Identity, Votes and Violence: Degree of Hindu-Muslim Conflict in Gujarat and Rajasthan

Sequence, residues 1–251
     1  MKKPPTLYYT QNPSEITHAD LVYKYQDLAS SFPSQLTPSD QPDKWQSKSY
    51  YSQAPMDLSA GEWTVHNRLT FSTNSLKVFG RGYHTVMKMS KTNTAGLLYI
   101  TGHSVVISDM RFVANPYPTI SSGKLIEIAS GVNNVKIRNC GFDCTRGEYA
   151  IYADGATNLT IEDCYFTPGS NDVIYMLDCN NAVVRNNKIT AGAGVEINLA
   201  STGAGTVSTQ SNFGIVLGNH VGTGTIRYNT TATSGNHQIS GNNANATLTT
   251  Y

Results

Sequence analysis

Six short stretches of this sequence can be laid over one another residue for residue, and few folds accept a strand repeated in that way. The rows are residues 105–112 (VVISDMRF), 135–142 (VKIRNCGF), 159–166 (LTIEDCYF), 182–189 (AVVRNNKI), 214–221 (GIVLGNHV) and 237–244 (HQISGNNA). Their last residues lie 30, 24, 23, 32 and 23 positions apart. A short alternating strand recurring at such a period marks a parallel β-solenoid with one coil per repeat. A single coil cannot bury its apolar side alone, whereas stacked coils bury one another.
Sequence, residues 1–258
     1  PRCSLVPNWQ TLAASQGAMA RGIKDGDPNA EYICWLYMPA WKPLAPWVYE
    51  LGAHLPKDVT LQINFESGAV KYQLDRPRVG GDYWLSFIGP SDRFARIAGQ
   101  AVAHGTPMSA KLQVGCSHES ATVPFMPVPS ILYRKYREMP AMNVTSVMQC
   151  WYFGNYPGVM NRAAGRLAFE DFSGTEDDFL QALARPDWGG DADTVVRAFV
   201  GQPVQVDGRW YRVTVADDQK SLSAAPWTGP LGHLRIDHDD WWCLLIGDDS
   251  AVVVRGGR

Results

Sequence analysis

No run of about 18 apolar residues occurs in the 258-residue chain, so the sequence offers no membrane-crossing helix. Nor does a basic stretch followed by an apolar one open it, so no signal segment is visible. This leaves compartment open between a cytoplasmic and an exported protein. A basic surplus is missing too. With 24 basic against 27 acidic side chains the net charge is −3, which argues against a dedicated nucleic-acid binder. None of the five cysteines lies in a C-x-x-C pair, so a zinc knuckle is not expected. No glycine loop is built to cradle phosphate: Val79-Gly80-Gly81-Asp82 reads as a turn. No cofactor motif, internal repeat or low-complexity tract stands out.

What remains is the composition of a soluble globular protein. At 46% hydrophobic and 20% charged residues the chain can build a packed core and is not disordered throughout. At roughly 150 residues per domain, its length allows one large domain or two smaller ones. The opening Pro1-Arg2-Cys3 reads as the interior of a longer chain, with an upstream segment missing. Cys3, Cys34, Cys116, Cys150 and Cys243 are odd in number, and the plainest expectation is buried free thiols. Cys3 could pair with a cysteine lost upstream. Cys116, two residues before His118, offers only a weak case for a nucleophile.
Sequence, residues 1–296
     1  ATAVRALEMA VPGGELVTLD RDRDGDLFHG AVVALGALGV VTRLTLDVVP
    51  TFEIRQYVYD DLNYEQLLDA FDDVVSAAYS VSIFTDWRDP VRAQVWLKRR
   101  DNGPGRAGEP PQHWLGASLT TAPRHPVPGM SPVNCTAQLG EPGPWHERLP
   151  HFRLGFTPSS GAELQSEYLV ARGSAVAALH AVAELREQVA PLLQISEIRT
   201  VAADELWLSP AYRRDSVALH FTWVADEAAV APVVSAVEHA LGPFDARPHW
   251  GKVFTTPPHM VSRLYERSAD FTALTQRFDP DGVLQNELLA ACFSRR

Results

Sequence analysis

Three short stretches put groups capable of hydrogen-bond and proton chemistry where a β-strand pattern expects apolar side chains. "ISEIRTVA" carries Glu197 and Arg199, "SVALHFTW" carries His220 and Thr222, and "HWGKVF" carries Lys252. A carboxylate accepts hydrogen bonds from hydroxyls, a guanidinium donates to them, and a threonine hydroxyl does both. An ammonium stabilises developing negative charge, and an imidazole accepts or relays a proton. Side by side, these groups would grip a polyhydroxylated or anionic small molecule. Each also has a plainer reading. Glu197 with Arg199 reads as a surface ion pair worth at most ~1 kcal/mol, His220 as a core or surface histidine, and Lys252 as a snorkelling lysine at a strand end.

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The thesis explores variation in the degree of Hindu-Muslim conflict in the Indian states Gujarat and Rajasthan. Gujarat is characterised by Hindu-Muslim political conflict as well as endemic religious violence. In 2002 more than 2000 people, predominantly Muslims were killed in religious violence. The State Government, the Police and the Judiciary have displayed pro-Hindu and anti-Muslim sympathies. The government of Rajasthan is generally not perceived as biased, nor has the state experienced widespread religious violence. The religious conflict is manifest through party politics and the degree of conflict is moderate. The analysis of Hindu-Muslim conflict is two-fold. First, the states are compared in terms of degree of Hindu-Muslim polarisation in conventional politics. Cleavage theory is utilised to explore the relationship between crosscutting and overlapping cleavages and Hindu-Muslim polarisation. The role of actors in constructing religious identities and thereby influencing the degree of religious polarisation will be explored through a constructivist approach to identity. Second, states are compared in terms of violence, judicial and government bias. The role of elites in preparing, enacting and explaining violence is explored through an instrumentalist approach to violence, and the relationship between electoral incentives and Hindu-Muslim violence will also be discussed. Furthermore, the thesis also explores incentives and motivation behind violence and other forms of violation of Muslims. The study is a Most Similar Systems Design and it is explorative and case-oriented. The sources includes secondary data and 23 elite interviews. Empirical findings suggest that the Hindu community is more homogenous in Gujarat than Rajasthan due to socio-economic developments as well as the role of actors. The absence of cleavages that crosscut religious identities increases the religious divide in Gujarat. Violence is a deliberate strategy and large-scale violence involves civil as well as state actors. In Gujarat the government’s support for violence is partly related to electoral incentives, but electoral incentives do not explain the variation between states as this strategy has not been utilised under similar conditions in Rajasthan. Variation in the degree of conflict between the two states is related to ideological incentives and the adoption of a hard-line Hindu nationalist ideology. By combining cleavage theory and a constructivist approach this study argues that degree of polarisation influence the potential for mobilising on a Hindu nationalist agenda and the adoption of a hard-line ideology. Religious polarisation and nationalist ideology give incentives for utilising violence as a strategy. Political conflict and violent conflict are not unrelated. Exploring violent conflict in the context of political polarisation reveals conditions that favour the development of violent conflict.